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Record identifier : 568785
Personal Name - Primary Intelectual Responsibility : McKeown, Freda Todd
Title and statement of responsibility : Self perception in the late life transition: Implications for psychotherapy [Thesis]
Publication, Distribution,Etc. : Pacifica Graduate Institute, 2004
Language of the Item : eng
Dissertation of thesis details and type of degree : Ph.D
Body granting the degree : , Pacifica Graduate Institute
Summary or Abstract : Earth's population is aging so rapidly, it is said that two-thirds of those in history who have lived to be 65 years of age are currently alive (Haas, 2000). Given a society where youth is revered and extended lifetimes are healthier and more active, psychologists need to understand the self-perception of individuals in the years between middle age and old age---55 to 80 years-of-age---the late-life transition. In a therapeutic setting, knowledge of the patient's self-perception is important in defining treatment objectives.This paper considers the milieu for those aging in early 21 st -century United States, and provides a brief overview of lifespan developmental psychology with a focus on Erik Erikson's epigenetic developmental model. An extended methodology section describes the theory of Q methodology as a valid approach for depth psychological research.The study investigates the subjective self views of 40 volunteers from a general population, aged 55 to 80 years, using a Q sort based on Erikson's eight-stage epigenetic developmental theory. Factor analysis revealed a primary factor, on which all but three participants loaded at the .01 level of significance. The factor describes an adult who feels competent and confident and is highly relational and spiritually connected. Four other factors show adults with (a) concerns of becoming ill, (b) defiance of aging in the face of reduced ability, (c) dogged determination to continue with life despite a failing body, and (d) despair over a life not lived as desired.Indicating a fairly stable positive self-perception of individuals between 55 and 80 years of age, without significant variations for gender or age, the results confirmed other studies' conclusions that illness or other factors are more likely to affect self-perception than chronological age. There was also support for Joan Erikson's addition of a ninth stage of development to Erik Erikson's theory. Of concern for treatment of individuals in this age group is the intricacy of the self view as shown in mixed loadings of some participants on both the first factor and one or more minor factors. The confounding issues are described and discussed for their implications for psychotherapy..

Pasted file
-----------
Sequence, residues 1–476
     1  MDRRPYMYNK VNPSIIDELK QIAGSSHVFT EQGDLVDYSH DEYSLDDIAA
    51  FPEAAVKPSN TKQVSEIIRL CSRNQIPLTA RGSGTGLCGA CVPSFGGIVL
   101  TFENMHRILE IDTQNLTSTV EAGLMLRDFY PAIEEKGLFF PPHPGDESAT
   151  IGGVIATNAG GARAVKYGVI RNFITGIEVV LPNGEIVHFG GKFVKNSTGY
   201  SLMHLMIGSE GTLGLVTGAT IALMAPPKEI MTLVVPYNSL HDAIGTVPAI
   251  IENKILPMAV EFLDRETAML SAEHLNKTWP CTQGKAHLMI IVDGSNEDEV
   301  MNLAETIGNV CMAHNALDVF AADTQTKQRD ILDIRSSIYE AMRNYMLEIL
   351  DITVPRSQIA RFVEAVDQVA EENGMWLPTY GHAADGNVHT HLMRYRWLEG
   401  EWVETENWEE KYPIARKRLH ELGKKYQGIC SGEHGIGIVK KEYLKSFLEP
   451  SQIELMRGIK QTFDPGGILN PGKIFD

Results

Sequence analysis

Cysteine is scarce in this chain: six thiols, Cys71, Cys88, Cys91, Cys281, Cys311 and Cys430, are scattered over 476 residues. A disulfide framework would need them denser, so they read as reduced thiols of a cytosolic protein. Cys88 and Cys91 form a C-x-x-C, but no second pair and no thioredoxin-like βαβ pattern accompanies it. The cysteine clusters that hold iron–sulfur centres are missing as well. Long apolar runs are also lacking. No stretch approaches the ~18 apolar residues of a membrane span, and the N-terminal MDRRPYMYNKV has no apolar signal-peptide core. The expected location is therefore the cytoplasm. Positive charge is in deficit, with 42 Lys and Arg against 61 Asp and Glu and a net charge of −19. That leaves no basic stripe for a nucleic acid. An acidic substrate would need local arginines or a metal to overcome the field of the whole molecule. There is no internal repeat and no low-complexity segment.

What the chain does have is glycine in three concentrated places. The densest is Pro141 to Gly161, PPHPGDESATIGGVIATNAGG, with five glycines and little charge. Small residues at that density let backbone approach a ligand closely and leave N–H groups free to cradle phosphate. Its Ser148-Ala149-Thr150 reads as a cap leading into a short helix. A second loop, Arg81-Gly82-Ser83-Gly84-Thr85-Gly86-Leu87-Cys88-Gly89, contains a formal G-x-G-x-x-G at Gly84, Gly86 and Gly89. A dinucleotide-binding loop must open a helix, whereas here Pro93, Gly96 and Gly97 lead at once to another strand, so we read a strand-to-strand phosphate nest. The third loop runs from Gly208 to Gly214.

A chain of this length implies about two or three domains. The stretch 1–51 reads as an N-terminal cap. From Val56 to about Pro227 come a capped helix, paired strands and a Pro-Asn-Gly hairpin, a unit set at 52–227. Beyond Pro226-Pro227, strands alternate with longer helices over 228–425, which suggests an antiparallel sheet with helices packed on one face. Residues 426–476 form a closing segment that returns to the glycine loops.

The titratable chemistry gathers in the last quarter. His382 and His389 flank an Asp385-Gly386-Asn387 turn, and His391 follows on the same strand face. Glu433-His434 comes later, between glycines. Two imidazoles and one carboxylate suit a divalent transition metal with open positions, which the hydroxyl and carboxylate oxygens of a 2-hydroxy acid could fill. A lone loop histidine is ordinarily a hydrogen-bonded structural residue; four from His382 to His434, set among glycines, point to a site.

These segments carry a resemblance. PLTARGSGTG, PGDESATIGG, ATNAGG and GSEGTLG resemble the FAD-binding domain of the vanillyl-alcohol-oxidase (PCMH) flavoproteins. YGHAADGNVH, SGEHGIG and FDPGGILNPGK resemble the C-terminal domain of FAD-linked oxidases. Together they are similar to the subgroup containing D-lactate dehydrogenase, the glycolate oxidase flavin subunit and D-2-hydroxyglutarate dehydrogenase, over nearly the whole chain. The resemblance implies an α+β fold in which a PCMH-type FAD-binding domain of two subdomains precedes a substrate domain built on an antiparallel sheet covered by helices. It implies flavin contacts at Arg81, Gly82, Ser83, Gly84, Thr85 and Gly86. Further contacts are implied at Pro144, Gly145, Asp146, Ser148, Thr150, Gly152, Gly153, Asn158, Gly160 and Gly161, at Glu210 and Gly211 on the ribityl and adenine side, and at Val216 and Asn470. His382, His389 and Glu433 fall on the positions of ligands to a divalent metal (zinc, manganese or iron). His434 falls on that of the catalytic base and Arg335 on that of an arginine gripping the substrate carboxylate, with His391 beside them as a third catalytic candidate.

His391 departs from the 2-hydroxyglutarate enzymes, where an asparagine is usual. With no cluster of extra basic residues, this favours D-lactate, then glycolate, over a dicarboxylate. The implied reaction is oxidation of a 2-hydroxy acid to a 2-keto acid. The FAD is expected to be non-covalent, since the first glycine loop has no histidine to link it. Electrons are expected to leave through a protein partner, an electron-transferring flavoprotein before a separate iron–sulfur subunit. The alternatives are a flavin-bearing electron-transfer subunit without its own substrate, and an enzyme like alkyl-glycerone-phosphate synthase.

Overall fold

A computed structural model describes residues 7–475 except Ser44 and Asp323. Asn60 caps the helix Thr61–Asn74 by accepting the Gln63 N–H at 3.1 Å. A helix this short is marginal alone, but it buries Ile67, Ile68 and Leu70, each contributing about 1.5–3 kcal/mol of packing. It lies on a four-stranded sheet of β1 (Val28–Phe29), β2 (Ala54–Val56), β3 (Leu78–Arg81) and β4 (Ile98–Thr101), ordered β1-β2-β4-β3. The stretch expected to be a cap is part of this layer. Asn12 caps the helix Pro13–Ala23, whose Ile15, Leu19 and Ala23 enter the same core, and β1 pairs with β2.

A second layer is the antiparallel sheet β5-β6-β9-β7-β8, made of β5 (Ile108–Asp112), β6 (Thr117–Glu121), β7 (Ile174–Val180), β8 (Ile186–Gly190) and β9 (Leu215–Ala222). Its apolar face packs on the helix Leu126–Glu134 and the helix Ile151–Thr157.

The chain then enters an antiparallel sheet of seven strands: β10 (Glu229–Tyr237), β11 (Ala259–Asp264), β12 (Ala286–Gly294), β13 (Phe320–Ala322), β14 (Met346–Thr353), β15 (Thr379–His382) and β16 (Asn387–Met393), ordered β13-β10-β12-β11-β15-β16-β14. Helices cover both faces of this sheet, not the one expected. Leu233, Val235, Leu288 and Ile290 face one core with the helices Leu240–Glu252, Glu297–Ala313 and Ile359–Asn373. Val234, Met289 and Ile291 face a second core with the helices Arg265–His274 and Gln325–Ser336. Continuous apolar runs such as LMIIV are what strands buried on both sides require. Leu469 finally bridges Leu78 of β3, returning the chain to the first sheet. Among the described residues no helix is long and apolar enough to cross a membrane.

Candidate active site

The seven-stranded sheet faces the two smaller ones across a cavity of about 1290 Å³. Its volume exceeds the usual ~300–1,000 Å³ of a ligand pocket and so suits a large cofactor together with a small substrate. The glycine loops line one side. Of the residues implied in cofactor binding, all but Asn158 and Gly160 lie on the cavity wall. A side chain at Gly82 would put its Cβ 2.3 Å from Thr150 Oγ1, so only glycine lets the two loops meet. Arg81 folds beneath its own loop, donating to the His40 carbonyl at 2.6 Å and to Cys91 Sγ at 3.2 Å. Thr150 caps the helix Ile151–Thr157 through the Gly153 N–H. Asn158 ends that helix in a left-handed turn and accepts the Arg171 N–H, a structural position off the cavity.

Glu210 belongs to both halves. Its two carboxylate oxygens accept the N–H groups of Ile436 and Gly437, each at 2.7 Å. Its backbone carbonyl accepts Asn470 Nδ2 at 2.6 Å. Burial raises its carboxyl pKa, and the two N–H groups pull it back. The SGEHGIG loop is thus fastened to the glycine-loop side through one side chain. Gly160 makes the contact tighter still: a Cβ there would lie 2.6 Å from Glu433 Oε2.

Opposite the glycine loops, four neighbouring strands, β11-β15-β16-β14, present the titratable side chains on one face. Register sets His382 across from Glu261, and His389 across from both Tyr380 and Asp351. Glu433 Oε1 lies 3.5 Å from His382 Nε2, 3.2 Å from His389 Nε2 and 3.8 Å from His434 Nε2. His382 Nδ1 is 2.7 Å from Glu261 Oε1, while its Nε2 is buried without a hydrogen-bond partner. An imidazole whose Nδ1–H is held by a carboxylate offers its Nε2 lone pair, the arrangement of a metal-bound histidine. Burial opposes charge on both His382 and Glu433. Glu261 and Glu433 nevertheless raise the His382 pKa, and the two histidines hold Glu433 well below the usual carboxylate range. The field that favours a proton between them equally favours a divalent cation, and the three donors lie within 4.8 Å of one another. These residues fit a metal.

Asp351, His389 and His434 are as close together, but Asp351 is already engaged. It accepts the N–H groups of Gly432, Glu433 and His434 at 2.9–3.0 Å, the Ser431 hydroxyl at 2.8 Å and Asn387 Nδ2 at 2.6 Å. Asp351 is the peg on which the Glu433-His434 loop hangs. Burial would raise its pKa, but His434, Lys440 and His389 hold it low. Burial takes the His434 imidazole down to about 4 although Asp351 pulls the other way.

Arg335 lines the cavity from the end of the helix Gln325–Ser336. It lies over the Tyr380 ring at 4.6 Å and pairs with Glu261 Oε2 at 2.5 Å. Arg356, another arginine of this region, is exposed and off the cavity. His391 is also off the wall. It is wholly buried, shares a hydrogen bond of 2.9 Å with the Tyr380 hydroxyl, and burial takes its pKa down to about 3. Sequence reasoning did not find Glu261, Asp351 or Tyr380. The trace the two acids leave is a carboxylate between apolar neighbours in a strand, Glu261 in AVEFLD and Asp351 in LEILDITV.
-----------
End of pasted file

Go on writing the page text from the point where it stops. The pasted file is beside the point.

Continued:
Topical Name Used as Subject : Psychotherapy
: Developmental psychology
Information of biblio record : TL
 
 
 
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